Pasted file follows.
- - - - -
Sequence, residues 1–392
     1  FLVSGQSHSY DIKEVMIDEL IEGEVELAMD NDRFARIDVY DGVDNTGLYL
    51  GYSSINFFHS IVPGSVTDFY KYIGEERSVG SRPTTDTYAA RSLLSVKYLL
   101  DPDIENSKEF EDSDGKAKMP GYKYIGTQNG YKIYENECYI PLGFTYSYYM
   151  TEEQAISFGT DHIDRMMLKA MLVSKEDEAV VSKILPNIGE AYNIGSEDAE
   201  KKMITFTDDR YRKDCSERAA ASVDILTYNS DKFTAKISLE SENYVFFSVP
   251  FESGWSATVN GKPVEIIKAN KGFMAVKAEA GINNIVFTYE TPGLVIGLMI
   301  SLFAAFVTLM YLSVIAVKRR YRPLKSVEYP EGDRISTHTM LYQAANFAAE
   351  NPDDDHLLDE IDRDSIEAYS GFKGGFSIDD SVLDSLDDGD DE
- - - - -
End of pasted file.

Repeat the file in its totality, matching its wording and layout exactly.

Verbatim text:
Sequence, residues 1–392
     1  FLVSGQSHSY DIKEVMIDEL IEGEVELAMD NDRFARIDVY DGVDNTGLYL
    51  GYSSINFFHS IVPGSVTDFY KYIGEERSVG SRPTTDTYAA RSLLSVKYLL
   101  DPDIENSKEF EDSDGKAKMP GYKYIGTQNG YKIYENECYI PLGFTYSYYM
   151  TEEQAISFGT DHIDRMMLKA MLVSKEDEAV VSKILPNIGE AYNIGSEDAE
   201  KKMITFTDDR YRKDCSERAA ASVDILTYNS DKFTAKISLE SENYVFFSVP
   251  FESGWSATVN GKPVEIIKAN KGFMAVKAEA GINNIVFTYE TPGLVIGLMI
   301  SLFAAFVTLM YLSVIAVKRR YRPLKSVEYP EGDRISTHTM LYQAANFAAE
   351  NPDDDHLLDE IDRDSIEAYS GFKGGFSIDD SVLDSLDDGD DE